Immobilized protein is then incubated with a primary antibody (for 30mins to 1 hour). The antibody is specific to the protein and is visualized either with a specific tag or with a secondary antibody. 

The secondary antibody generally will carry a tag that allow the visualization of protein.

Blots can be visualized using methods such as Chemiluminescence or Fluorescence.

Common Tags used in Dot Blots are enzymes conjugated to the secondary antibody. Upon addition of substrate, enzyme acts on the substrate to develop colour. Commonly preferred enzymes are HRP(Horse Radish Peroxidase) and Alkaline Phosphatase (AP)

Advantages of Dot Blot over Western Blot

Non-Electrophoresis Technique:
Dot Blot is non-electrophoresis technique, means that one need not do protein electrophoresis. Proteins can directly immobilized on to the membrane.

Simple & Easy Method:
No messy work of PAGE run and gel to membrane transfers, proteins are directly immobilized on membrane, making this method much easier and faster.

It is a faster method, takes ~3hours, whereas western blot may even take up to 2 days. Including the protein electrophoresis and gel to membrane transfer optimization.

Dot Blot is not as informative as Western Blot, but it is inexpesive, quick and easy method for the simple protein detection. 

Sunday, June 16, 2019

Plastids - Introduction, Classification & Functions

Plastids - Introduction:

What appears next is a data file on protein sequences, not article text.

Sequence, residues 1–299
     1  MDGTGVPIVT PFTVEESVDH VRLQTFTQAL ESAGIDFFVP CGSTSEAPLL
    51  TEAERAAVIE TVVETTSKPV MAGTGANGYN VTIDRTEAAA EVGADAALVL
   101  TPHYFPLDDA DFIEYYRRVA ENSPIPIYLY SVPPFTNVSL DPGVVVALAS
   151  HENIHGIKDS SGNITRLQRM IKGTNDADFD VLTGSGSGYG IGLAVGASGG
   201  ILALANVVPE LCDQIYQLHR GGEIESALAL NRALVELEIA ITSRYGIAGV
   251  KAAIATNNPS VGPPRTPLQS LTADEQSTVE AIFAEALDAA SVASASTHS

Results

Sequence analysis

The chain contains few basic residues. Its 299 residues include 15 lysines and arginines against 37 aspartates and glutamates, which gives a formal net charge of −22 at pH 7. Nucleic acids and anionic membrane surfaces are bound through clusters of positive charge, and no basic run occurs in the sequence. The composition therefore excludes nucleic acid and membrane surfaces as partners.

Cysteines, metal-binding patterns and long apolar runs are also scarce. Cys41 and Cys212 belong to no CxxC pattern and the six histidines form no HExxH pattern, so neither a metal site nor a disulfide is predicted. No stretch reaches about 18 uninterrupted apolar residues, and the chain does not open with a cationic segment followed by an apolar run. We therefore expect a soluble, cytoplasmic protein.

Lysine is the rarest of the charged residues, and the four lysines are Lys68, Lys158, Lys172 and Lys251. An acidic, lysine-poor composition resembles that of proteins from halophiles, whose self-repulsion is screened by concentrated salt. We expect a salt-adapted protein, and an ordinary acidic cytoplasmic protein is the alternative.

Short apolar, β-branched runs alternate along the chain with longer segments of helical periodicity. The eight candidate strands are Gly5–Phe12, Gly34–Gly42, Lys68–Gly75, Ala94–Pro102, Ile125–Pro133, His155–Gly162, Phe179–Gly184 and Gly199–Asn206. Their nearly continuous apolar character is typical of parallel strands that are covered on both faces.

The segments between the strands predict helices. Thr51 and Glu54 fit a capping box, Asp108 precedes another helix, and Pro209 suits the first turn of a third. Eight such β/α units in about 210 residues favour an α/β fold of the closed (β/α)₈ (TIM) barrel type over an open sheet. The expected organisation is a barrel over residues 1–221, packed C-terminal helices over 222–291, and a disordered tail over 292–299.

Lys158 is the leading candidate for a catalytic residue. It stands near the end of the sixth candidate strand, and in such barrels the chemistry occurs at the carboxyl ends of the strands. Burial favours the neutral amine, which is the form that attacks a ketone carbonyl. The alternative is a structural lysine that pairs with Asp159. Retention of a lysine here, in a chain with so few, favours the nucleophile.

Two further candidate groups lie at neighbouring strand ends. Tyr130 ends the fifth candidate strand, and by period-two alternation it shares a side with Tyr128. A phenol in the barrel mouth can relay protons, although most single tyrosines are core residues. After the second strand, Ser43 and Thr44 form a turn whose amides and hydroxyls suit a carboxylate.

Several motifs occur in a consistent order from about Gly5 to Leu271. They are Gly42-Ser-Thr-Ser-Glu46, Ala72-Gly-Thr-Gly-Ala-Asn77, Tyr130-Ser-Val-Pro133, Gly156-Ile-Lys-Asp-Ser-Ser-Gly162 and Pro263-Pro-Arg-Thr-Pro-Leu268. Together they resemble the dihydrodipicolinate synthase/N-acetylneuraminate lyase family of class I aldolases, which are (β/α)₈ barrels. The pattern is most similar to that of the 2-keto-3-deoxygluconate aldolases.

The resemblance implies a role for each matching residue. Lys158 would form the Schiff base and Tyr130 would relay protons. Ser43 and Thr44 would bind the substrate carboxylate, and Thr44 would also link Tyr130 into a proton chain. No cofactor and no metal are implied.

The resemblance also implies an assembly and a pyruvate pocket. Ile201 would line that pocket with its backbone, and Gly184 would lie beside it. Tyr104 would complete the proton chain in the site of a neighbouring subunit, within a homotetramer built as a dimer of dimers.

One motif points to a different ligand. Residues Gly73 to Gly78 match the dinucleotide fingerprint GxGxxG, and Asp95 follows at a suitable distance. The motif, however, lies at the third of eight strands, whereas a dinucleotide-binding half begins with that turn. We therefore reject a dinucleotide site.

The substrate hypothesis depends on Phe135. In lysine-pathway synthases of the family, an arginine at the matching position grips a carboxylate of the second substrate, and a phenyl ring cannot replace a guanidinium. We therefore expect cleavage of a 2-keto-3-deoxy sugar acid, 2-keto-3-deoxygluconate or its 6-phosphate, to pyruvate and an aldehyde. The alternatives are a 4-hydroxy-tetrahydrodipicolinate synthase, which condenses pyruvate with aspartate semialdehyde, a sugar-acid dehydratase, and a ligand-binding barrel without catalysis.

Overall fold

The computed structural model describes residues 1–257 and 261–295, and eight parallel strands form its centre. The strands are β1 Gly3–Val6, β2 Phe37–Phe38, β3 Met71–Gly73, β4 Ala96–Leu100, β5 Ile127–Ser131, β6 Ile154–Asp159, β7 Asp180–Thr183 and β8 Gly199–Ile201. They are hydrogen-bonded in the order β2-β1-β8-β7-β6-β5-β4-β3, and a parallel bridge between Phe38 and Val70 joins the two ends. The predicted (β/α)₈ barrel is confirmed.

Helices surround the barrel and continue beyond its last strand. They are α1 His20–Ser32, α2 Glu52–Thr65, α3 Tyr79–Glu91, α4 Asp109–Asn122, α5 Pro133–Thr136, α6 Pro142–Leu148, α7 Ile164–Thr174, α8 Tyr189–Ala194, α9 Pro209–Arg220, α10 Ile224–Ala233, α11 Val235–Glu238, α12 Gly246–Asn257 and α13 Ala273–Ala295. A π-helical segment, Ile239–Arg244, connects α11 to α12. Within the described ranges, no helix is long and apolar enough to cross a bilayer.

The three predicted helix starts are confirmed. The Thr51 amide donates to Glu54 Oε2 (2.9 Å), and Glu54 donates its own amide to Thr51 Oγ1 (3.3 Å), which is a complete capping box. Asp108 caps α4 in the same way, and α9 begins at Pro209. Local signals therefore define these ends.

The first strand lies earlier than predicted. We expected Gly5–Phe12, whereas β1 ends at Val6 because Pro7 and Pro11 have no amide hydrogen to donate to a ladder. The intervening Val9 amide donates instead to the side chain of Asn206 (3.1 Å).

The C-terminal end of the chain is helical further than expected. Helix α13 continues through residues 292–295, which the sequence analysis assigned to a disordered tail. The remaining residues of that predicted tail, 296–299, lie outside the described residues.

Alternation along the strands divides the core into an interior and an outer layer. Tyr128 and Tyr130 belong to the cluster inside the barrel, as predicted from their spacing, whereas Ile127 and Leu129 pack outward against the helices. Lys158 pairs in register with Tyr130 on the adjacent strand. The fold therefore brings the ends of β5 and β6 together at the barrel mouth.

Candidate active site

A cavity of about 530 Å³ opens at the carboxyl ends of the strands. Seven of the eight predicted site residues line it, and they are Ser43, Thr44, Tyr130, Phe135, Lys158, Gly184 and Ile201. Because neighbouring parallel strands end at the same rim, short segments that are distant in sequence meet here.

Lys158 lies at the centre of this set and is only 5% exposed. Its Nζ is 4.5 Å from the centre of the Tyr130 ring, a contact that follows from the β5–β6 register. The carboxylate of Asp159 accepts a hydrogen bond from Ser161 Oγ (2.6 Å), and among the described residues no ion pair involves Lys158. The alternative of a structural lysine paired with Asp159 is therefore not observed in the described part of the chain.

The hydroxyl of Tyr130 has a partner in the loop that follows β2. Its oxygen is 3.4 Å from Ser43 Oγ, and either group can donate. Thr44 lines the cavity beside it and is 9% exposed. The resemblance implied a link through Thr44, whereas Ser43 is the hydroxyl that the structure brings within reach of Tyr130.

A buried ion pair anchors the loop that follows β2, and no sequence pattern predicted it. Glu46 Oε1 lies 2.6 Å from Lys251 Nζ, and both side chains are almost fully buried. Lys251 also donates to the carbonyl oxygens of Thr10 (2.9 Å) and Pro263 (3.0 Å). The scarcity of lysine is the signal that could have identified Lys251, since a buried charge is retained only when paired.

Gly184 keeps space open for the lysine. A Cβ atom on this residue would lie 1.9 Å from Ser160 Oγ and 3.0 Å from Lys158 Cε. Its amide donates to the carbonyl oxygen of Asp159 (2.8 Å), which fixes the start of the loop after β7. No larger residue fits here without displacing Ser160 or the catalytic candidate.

Plastids are membrane bound organelle found in all plant cells and some protists (euglina). Dr Ernst Haeckel discovered plastid.

Plastid Classification:

Plastids are classified into two types, they are:

1. Leucoplast
2. Chromoplast

Plastid Classification
Plastid Classification


  • These are colourless plastids (non pigmented).
  • Leucoplasts do not have grana.

    • Leucoplasts are found in Roots, Rhizomes, Tubers, etc. ,parts of the plants which are not exposed to sunlight. 
    • Main function of Leucoplasts are storage of food.
    Based on their function Leucoplasts are further classified into 3 Types:

    a. Amyloplasts - Stores carbohydrates. Location: Potato Tuber, Wheat, Rice, etc

    b. Allueronplasts - They are also known as proteoplasts. They stores aluerone protein. Location: Maize, Pulses.

    c. Elaioplasts - Stores Fat. These can be found in castor seed, ground nut, etc.


    • These are coloured plastids (Colored due to presence of Pigments).
    • Chromoplasts have grana / Thylakoid
    • Chromoplasts are found in Leaf, Petals, Fruits, etc. , parts of the plants exposed to sunlight.
    • Main function of chromoplasts are photosynthesis, attraction of pollinating agents.
    Chromoplasts are further classified based on the type of pigment present:

    a. Chloroplasts - Green Pigmented plastid, found in Green leaves, green stem,etc

    b. Pheoplast - contains Xantophyll & Fucoxanthin. These are found in brown algae.
    c. Rhodoplast - contains red pigment called to phycoerythrin. these are found in red algae.

    Some of the other pigments present in plants are:

    1. Lycopin - Red pigment found in Tomato.
    2. Capsanthin - Red pigment found in Red Pepper.
    3. Carotenes - Orange / Red pigment found in carrots.

    Leucoplasts and Chromoplasts are interchangable, means that when lecuoplasts attains pigments it becomes chromoplasts and when the chromoplasts lose pigments it can become leucoplasts.